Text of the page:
AMD Ryzen 7 1800X Linux Benchmarks
Written by Michael Larabel in Processors on 2 March 2017. Page 1 of 6. 95 Comments

The day many of you have been waiting for is finally here: AMD Zen (Ryzen) processors are shipping! Thanks to AMD coming around at the last minute, I received a Ryzen 7 1800X yesterday evening and have been putting it through its paces. Here is my walkthrough of the Linux experience for the AMD Ryzen and new motherboard and a number of the initial Linux benchmarks for this high-end Zen CPU while much more coverage is coming in the hours and days ahead.

Please keep in mind that I've only had this processor since yesterday and thus many more Ryzen Linux articles will be published in the coming days, including looking at the Ryzen 7 1700 processor too once my pre-order is processed. I will also be looking at some special Ryzen Linux gaming benchmarks, compiler comparisons, Linux distribution cross comparison tests, and more. Feel free to share any Ryzen Linux tests requests you may be interested in via our forums. Thanks to AMD for pulling through in providing this Ryzen 7 1800X review sample and MSI X370 XPOWER GAMING TITANIUM motherboard.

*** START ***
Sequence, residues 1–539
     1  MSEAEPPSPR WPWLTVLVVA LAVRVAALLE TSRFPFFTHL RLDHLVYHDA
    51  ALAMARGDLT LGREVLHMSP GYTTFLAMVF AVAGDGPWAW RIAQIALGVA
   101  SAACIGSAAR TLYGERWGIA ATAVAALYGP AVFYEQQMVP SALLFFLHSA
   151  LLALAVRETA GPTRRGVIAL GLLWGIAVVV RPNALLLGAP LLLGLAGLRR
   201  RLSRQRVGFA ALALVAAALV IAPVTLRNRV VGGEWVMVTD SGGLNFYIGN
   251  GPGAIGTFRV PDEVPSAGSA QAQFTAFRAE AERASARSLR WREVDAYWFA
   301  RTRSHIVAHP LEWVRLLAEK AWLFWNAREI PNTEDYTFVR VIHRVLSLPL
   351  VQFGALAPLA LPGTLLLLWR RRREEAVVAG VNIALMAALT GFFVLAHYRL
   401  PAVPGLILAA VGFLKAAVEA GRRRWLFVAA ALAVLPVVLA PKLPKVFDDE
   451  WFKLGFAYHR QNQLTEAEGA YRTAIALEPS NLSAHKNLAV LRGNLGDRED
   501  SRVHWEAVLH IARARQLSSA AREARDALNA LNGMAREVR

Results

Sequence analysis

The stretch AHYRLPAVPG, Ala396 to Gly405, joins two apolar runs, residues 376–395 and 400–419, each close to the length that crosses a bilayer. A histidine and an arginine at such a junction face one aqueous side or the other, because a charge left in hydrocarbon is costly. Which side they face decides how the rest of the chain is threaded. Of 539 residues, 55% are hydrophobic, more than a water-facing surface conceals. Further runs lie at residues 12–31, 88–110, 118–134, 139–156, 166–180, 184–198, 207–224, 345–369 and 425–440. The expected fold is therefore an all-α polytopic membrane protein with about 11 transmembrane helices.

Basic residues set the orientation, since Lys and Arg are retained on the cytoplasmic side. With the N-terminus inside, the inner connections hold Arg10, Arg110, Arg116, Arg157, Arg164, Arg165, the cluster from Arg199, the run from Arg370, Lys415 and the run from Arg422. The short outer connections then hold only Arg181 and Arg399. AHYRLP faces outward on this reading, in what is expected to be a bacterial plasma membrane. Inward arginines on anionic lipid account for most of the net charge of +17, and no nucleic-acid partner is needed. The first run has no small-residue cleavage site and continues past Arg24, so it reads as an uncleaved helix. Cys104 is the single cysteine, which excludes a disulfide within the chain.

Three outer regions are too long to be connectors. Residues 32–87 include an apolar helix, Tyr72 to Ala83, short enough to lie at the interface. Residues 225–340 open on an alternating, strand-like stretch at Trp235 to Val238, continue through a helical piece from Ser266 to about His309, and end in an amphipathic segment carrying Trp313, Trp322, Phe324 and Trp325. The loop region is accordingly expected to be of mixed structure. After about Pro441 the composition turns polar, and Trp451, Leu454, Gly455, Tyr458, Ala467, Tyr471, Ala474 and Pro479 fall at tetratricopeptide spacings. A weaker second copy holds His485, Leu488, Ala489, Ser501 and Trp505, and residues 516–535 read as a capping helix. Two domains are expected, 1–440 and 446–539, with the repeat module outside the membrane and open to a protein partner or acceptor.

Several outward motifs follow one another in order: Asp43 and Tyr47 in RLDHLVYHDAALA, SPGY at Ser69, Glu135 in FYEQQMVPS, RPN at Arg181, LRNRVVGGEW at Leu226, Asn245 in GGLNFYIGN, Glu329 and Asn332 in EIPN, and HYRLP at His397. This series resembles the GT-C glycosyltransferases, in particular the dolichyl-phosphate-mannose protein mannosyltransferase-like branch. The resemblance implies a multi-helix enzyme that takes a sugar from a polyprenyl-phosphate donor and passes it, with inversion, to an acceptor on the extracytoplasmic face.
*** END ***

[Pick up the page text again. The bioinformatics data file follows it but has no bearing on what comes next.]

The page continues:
Due to the limited time to prepare for this morning's launch article, this piece will mostly focus on the Linux experience compared to all the usual Ryzen data being repeated across the many (Windows-focused) publications. As a reminder, the Ryzen 7 processors have eight physical cores but sixteen threads via SMT, each of the cores has a 512 KB L2 cache and there is a 16MB shared L3 cache. The Ryzen 7 1800X as the highest-end model features a 3.6GHz base frequency with 4.0GHz turbo frequency while having a 95 Watt TDP.

The Ryzen 7 1800X is shipping today and retailing for $499 USD while the Ryzen 7 1700X (3.4GHz base, 3.8GHz turbo) will sell for $399 USD and the Ryzen 7 1700 (3.0GHz, 3.7GHz boost) for $329 USD. Not until next quarter are the Ryzen 5 CPUs expected while the Ryzen 3 low-end processors are coming in the second half of this year. The Ryzen processors and supported motherboards are available from the links of Amazon and NewEgg; yes, those are affiliate links, so if making your purchases via them will go to support our Linux hardware testing operations.

The motherboard for testing today was the MSI X370 XPOWER GAMING TITANIUM. In the days ahead will also be Linux tests with the ASUS Prime X370-Pro as I had pre-ordered that motherboard with the AMD Ryzen 7 1700. The X370 XPOWER GAMING TITANIUM is a very fashionable motherboard and among its features are two turbo M.2 ports, USB 3.1 Gen2, heavy-plated titanium heatsinks, and various other features promoted primarily for Windows gamers.



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